Year in Review 2020: Business & Economy Skip to content

Year in Review 2020: Business & Economy

By Yelena

Photo: Golli. Finance Minister Bjarni Ben presents the government’s third economic response package, April 2020.

This year’s business and economy news undoubtedly centred on the COVID-19 pandemic and its impact. Here are Iceland’s biggest business and economy stories of 2020.

Tourism (and Icelandair)

As everywhere else in the world, the COVID-19 pandemic has had a devastating impact on the tourism industry, one of Iceland’s largest industries. Despite some government assistance and a trickle of visitors during the summer, Iceland’s tourism industry has come to a near-complete stop. Locals made up for a portion of the losses by travelling domestically this summer, encouraged by a government gift certificate, but the industry will likely take years to recover.

The country’s only commercial passenger airline, Icelandair, also struggled this year, as airlines did the world over. It let go 2,000 employees in April, setting an Icelandic record for the largest mass layoff. Further layoffs followed throughout the year. Icelandair’s contracts with pilots, mechanics, and cabin crew were also up this year and renegotiating them in the shadow of the pandemic was tumultuous, to say the least. The airline even let go all of its cabin crew after their union rejected one contract offer, later being condemned for “union-busting practices.”

Thanks to a combination of government support, a successful public stock offering, and other financial restructuring measures, the airline has weathered the storm, at least for the time being. Icelandair CEO Bogi Nils Bogason says the company’s position is now strong enough to make through to 2022.

Government Responds to Recession

Starting in March, the Icelandic government presented several economic response packages intended to mitigate the effects of the pandemic on businesses and individuals. The first package included support for businesses in the form of partial employment benefits for staff whose work hours were reduced, as well as investment in public construction projects. The second package provided additional investments in innovation and research, as well as subsidies for businesses forced to close. These early measures were criticised by some for being geared toward businesses rather than individuals, as well as for leaving out vulnerable groups such as self-employed workers.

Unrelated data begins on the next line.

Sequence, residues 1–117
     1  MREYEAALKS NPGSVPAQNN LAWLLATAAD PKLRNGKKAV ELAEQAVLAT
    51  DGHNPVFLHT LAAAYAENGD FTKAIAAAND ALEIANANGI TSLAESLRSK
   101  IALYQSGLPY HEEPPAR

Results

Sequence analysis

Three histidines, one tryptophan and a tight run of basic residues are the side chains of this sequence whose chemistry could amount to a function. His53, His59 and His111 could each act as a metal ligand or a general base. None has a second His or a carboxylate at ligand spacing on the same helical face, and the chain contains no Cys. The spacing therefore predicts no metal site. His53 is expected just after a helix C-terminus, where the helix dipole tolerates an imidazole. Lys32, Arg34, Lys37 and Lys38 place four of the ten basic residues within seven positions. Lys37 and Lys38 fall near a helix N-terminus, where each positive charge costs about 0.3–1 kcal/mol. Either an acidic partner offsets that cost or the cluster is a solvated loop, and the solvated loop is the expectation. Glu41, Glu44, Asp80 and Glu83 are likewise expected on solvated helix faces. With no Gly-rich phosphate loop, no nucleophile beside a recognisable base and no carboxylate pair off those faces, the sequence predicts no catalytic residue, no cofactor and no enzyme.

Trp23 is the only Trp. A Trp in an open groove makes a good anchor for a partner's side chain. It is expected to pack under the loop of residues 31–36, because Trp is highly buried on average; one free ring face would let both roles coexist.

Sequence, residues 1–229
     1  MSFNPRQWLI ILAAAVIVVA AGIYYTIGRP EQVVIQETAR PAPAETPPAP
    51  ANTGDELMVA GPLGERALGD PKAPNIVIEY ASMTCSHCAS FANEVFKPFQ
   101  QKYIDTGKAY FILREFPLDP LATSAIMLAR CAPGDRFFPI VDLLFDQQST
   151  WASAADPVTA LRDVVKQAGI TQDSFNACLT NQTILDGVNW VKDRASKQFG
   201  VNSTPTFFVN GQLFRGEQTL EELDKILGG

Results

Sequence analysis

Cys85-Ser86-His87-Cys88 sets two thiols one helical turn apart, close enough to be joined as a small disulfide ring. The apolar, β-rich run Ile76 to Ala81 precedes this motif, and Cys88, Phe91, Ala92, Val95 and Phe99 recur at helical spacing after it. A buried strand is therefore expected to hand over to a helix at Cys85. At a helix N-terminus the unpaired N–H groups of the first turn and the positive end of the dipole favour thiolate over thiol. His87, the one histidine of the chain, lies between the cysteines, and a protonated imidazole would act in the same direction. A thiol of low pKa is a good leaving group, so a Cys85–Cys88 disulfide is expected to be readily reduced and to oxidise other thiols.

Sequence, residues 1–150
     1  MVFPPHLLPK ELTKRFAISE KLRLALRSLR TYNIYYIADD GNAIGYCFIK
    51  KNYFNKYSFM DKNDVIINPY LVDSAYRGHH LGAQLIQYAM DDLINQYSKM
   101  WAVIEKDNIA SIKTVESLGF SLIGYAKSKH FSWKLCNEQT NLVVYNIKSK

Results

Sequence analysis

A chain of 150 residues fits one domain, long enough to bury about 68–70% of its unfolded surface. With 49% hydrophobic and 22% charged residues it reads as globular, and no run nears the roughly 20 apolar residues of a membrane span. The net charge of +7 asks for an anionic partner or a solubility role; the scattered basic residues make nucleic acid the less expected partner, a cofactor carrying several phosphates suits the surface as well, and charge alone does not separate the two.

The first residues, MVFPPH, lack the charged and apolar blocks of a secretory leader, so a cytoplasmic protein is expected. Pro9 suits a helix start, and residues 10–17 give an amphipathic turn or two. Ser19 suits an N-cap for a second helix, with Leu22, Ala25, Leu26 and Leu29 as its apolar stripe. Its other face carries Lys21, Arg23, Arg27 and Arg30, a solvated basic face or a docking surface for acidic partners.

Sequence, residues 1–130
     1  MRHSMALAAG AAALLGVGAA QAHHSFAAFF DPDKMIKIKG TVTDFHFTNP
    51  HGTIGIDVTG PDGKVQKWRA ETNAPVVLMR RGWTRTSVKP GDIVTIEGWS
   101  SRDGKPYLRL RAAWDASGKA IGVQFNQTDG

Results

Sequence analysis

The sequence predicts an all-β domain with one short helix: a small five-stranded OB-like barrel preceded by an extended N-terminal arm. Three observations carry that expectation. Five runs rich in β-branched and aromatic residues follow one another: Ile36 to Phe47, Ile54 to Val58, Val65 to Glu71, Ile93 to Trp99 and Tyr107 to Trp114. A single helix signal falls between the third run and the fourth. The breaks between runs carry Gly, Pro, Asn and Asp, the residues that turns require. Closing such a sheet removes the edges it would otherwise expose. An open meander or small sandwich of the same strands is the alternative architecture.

While some of the measures provided immediate relief, others were mired in red tape and took months to come through. Some funding was geared toward specific struggling industries, such as a new fund to support media companies.

These response measures are expected to result in a treasury deficit in 2021. In December, the government announced its intention of selling state-owned Íslandsbanki to finance further social investment.

Collective Crisis

The year 2020 started out with strikes among labour unions, affecting schools and other services in the capital area. Once collective agreements were signed, it seemed that things had calmed down. Yet conflict on the labour market re-emerged in the fall when businesses argued that the economy had suffered so drastically they could no longer provide employees the working conditions outlined in collective agreements. The government eventually stepped in to resolve the dispute, successfully stabilising the labour market.

Central Bank Lowers Interest Rates

The Central Bank of Iceland did not sit idly by as the recession deepened this year, but implemented measures in support of the economy. The Bank lowered interest rates repeatedly throughout the year to encourage investment, and its key interest rate now sits at a historically low 0.75%. The bank’s economic outlook remains highly uncertain, as it stated in November, “economic developments will depend to a considerable degree on the path the pandemic takes.”

Success in Dire Times

Not all industries in Iceland have suffered during to the pandemic: as people around the world started looking for ways to pass the time at home, wool export shot up by 70%.  Thanks to Iceland’s success in containing the pandemic locally, and the instituting of strict regulations, Iceland’s film industry was one of the only to keep productions rolling throughout the year.

With more people spending their free time at home, it may not come as a surprise that the annual Christmas Book Flood was even more successful than usual, with sales reportedly up by 30%. Real estate sales have also remained strong all year, despite the recession. Finally, one Icelandic company is expanding directly due to the pandemic. Controlant is tracking vaccine distribution across the world for COVID-19 vaccine manufacturer Pfizer.

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